From Middle English Flaunders, Flaundress, flawndirs, from Old French Flandres, from Middle Dutch vlâendren pl, from Vlander, from Old Frisian, from Proto-Germanic *flaumdrą (“waterlogged land”), from *flaumaz (“flowing, current (water)”) (compare Old High German weraltfloum (“transitoriness of life”), Old Norse flaumr (“eddy”)), from Proto-Indo-European *plow-m- (“flow”) (compare Ancient Greek πλῠ́μα (plúma, “dishwater, washing water”)). More at flow. "Waterlogged" refers to the mudflats and salt marshes common to coastal Flanders.
Flanders (countable and uncountable, plural Flanderses)
- The County of Flanders, a historical county of Europe, of varying extent.
1613 (date written), William Shakespeare, [John Fletcher], “The Famous History of the Life of King Henry the Eight”, in Mr. William Shakespeares Comedies, Histories, & Tragedies […] (First Folio), London: […] Isaac Iaggard, and Ed[ward] Blount, published 1623, →OCLC, [Act III, scene ii]:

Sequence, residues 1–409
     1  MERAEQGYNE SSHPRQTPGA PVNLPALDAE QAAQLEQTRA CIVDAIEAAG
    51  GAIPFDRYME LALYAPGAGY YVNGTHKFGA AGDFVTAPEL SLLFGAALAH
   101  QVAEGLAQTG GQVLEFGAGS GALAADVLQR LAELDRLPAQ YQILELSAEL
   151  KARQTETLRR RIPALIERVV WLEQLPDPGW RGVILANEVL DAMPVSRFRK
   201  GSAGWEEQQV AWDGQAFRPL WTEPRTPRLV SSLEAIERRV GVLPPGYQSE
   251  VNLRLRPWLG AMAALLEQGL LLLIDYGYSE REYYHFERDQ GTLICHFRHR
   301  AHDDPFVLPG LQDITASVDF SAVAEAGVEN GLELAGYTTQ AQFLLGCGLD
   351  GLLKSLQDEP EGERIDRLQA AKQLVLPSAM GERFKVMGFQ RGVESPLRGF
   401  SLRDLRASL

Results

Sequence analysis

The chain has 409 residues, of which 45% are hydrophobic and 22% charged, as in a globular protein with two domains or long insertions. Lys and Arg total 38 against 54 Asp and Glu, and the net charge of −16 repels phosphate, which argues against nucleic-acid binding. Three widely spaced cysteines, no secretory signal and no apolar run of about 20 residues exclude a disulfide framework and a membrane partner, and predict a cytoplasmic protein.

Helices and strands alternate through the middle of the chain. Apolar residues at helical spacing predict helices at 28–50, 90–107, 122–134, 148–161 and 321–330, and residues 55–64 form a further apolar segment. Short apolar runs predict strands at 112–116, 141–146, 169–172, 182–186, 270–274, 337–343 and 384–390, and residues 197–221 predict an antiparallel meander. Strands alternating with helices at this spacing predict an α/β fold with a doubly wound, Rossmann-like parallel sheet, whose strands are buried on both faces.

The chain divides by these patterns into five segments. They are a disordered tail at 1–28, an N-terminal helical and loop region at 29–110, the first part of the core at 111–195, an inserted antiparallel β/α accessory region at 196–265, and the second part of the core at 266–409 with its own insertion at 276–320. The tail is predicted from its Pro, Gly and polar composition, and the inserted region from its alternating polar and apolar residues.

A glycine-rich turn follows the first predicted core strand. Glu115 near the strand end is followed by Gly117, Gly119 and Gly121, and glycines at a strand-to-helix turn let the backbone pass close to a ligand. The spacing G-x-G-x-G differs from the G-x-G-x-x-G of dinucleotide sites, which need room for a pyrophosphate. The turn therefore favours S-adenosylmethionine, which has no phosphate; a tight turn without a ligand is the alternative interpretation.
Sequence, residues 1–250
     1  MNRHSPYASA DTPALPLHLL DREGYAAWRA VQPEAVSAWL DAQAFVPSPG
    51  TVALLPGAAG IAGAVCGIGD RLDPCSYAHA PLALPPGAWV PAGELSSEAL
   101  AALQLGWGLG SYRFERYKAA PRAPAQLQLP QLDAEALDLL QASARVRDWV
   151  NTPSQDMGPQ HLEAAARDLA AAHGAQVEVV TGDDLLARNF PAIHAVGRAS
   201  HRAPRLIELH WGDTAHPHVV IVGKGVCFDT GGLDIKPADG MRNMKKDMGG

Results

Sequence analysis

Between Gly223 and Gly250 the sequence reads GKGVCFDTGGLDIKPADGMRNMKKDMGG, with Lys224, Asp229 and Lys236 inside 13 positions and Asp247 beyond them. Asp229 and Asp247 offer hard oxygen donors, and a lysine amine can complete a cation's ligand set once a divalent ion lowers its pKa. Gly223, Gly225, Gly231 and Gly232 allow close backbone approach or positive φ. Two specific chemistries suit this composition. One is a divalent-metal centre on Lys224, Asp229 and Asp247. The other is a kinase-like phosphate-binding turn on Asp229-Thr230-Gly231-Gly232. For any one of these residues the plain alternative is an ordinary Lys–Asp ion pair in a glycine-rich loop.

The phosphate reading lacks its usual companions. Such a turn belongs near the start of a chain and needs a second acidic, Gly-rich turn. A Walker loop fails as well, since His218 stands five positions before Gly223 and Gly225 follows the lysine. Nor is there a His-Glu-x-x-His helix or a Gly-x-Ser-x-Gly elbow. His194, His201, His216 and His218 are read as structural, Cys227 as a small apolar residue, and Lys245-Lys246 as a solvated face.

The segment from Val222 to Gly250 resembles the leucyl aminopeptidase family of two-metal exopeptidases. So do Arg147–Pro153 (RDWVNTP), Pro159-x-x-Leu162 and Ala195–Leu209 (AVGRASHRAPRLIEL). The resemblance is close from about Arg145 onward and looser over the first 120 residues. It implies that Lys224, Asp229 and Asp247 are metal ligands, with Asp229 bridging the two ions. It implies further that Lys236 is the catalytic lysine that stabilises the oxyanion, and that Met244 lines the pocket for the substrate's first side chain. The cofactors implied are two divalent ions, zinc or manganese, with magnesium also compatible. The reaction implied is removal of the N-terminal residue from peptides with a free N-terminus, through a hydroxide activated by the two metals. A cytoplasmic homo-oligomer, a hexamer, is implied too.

When you went / Ambassador to the Emperor, you made bold / To carry into Flanders the great seal.
- A community and administrative region in the north of Belgium, consisting of the Dutch-speaking area of Belgium.
- Two provinces in Belgian Flanders, West-Flanders and East-Flanders.
- Ellipsis of French Flanders, a former province of France, now constituting the French department Nord.
- The principal railway station in Lille, capital of the above.
- A surname.
community and region in the north of federal Belgium
former province and region of northern France
Translations to be checked